POLICY COVERAGE REQUIRED THAT HE PRIMARILY RESIDE IN HIS MOTHER’S HOUSEHOLD
After he was hit by a car while riding a bike in downtown Manhattan, T.M. filed a petition with United States Automobile Association (USAA) seeking no-fault benefits. When the company denied the claim, because he did not primarily reside with his mother, a Pennsylvania resident who was the policyholder, T.M. made a demand for arbitration, which the company asked the New York County Supreme Court to stay.
Once its stay request was denied, the USAA appealed. And on its review, the Appellate Division, First Department, thought there were “questions of fact” as to where T.M. primarily resided. While he rented a New York City apartment and had that address listed on hospital billing and no-fault paperwork, his driver’s license, tax records and voter registration card all reflected a Pennsylvania address. T.M. also represented in an affidavit that he continued to work remotely from his family home in Pennsylvania and was in New York only 40% of the time.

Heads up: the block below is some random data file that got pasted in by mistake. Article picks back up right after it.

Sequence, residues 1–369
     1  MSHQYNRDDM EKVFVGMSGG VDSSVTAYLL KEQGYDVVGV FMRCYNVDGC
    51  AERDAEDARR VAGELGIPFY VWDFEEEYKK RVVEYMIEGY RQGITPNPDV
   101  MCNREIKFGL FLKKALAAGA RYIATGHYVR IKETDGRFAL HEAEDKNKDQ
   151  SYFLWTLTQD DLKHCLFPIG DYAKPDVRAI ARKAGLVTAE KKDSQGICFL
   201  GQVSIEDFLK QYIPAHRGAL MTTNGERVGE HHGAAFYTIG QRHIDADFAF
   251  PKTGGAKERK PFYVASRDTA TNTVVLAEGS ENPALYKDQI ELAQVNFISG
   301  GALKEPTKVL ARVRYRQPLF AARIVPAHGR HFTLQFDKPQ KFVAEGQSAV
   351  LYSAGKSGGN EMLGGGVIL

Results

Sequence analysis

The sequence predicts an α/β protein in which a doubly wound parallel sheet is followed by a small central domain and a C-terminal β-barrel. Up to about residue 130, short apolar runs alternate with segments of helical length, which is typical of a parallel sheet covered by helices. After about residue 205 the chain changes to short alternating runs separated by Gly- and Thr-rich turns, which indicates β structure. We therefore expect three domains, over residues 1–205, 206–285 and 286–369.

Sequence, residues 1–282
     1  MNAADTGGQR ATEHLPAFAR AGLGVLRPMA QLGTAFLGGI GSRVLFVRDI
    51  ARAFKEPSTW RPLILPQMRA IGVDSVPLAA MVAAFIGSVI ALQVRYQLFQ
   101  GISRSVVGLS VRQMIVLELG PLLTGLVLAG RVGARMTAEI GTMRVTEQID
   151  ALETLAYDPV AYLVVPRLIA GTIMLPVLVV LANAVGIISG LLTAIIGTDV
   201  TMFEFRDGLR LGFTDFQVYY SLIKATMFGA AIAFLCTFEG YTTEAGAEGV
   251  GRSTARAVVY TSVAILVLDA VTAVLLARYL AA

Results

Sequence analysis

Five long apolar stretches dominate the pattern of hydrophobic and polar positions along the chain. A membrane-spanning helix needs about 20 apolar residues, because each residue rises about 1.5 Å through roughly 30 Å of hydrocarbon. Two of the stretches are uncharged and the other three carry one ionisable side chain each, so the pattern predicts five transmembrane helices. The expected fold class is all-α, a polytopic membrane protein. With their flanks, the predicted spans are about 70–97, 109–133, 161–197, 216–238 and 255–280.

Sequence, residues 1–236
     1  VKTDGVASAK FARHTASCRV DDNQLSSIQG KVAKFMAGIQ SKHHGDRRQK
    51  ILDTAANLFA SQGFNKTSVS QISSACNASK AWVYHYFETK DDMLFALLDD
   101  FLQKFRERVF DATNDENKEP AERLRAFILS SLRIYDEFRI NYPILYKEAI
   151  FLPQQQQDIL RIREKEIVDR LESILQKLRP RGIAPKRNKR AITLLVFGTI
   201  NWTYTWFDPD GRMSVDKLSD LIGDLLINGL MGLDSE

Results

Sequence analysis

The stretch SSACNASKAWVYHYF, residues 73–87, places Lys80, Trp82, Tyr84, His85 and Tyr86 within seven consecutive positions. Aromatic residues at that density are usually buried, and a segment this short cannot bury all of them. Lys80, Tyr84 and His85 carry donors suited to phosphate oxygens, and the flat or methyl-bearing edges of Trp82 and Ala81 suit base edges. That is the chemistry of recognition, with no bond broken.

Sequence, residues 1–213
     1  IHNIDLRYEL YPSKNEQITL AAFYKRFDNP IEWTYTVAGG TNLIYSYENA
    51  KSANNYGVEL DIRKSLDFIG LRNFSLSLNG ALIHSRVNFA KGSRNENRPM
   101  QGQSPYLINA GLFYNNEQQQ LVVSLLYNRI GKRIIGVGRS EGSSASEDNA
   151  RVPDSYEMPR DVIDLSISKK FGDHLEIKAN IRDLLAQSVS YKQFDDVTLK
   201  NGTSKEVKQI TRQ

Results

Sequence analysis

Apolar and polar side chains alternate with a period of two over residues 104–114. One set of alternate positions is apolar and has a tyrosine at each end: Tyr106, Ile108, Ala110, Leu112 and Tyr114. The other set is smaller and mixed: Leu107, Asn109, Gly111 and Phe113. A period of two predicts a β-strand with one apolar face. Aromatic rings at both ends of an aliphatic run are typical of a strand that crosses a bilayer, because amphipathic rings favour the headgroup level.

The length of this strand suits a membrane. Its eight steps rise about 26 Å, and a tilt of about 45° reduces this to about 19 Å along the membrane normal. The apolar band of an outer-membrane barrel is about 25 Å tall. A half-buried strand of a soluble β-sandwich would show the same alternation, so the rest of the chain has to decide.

Given that backdrop, the AD1 thought the judge should have granted USAA’s stay request and that it should also have ordered a “framed hearing” as to whether T.M. “resided primarily in New York or in Pennsylvania” when the accident occurred.
Is this going to be a vicious cycle or what?
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